We’re now in June, with the release of children from school, the advent of summer, and road construction season. As I write this, I’ve just completed my fifth month in the Ohio House of Representatives.

It has been a very productive session for the House. One of the most recent bills passed that I co-sponsored was Substitute House Bill 133, regarding permitting oil and gas exploration on state lands. As a member of the House Agriculture and Natural Resources Committee, I heard many hours of testimony, with one session lasting from 7 p.m. to 2:15 a.m.

Those of us voting in favor of the bill do so with several key factors in mind:
First, in the last session, the House and Senate passed Senate Bill 165, to put an appropriate regulatory structure in place to govern oil and gas exploration in Ohio. This bill had bi-partisan support, as well as industry support and the support of many in the environmental community. It is a forward-looking structure designed to punish those who disregard the law and to protect those who play by the rules.

Second, drilling on public property in Ohio is not without precedent. Many townships, counties, schools, and municipalities permit drilling on their land as a way to generate revenue and an inexpensive source of gas for their operations.

Third, our state parks have many pressing needs in terms of capital projects. Revenues generated by drilling on state property would go to a fund dedicated to such projects, as well as providing the parks with inexpensive energy.

Here in southeastern Ohio, we’re well-acquainted with the oil and gas industry. Noble County was the site of the first oil well in Ohio. Independent oil and gas operators are our neighbors and friends, employing many of our citizens. Marietta College has for years produced the petroleum engineers and geologists who are leading the industry. The sight of oil wells is not a blemish on our landscape, but is something we’re accustomed to. We can explore safely, and our parks, including Salt Fork (which is built on the site of a reclaimed strip mine), can provide a vital new supply of energy, without having a detrimental effect on the environment or tourism.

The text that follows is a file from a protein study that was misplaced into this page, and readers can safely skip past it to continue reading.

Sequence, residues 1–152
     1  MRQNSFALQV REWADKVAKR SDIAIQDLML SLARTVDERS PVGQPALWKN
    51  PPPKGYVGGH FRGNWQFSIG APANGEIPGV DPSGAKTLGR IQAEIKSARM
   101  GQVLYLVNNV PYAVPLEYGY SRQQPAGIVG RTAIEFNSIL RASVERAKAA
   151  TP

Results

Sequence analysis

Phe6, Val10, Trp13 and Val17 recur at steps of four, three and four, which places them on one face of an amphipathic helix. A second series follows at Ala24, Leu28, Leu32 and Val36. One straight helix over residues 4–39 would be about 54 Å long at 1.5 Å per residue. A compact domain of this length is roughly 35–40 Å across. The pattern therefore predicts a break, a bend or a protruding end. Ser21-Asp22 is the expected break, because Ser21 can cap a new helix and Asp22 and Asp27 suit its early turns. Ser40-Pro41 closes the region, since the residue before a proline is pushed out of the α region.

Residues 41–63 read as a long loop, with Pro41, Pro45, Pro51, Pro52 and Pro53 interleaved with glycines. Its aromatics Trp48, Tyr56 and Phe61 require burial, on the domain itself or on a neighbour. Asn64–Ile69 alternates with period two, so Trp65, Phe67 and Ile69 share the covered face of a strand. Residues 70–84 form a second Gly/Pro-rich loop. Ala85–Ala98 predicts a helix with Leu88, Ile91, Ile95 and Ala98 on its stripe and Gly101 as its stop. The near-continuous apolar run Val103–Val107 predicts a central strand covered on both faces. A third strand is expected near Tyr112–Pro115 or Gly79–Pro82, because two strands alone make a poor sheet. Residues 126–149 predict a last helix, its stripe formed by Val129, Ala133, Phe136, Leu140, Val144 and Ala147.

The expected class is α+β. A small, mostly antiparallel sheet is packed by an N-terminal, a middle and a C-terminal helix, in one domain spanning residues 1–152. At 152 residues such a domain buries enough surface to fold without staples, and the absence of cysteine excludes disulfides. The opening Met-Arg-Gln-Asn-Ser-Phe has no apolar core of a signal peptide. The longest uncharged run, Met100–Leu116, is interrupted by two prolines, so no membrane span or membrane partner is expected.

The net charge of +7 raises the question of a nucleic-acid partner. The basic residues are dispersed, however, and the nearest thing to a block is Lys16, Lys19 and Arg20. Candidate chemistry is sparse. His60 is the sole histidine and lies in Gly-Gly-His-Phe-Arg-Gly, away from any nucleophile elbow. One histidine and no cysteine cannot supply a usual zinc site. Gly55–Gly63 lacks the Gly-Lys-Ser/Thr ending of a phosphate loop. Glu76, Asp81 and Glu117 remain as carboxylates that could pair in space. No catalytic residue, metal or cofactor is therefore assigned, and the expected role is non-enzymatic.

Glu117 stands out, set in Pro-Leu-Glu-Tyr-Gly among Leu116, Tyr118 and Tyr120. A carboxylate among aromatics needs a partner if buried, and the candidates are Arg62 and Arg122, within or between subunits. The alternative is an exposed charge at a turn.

Many other states have set up such programs, including Pennsylvania, Michigan and Arkansas. This bill has the support of the Ohio Department of Natural Resources. Our part of the state is about to undergo a huge expansion of oil and gas drilling due to the potential of finding oil in the Utica Shale, a formation which covers much of the eastern half of Ohio. Shale exploration is proving to be a tremendous source of energy in Wyoming, Texas, Oklahoma and Tennessee. All of this has implications for our nation’s energy security, but also for creating jobs, and ultimately driving lower prices for our consumers who are suffering the effects of sticker shock at the pump.

I support oil and gas exploration because it provides tremendous economic benefits. Those benefits aren’t something Ohio can pass up as we try to restore economic vitality to our great state.


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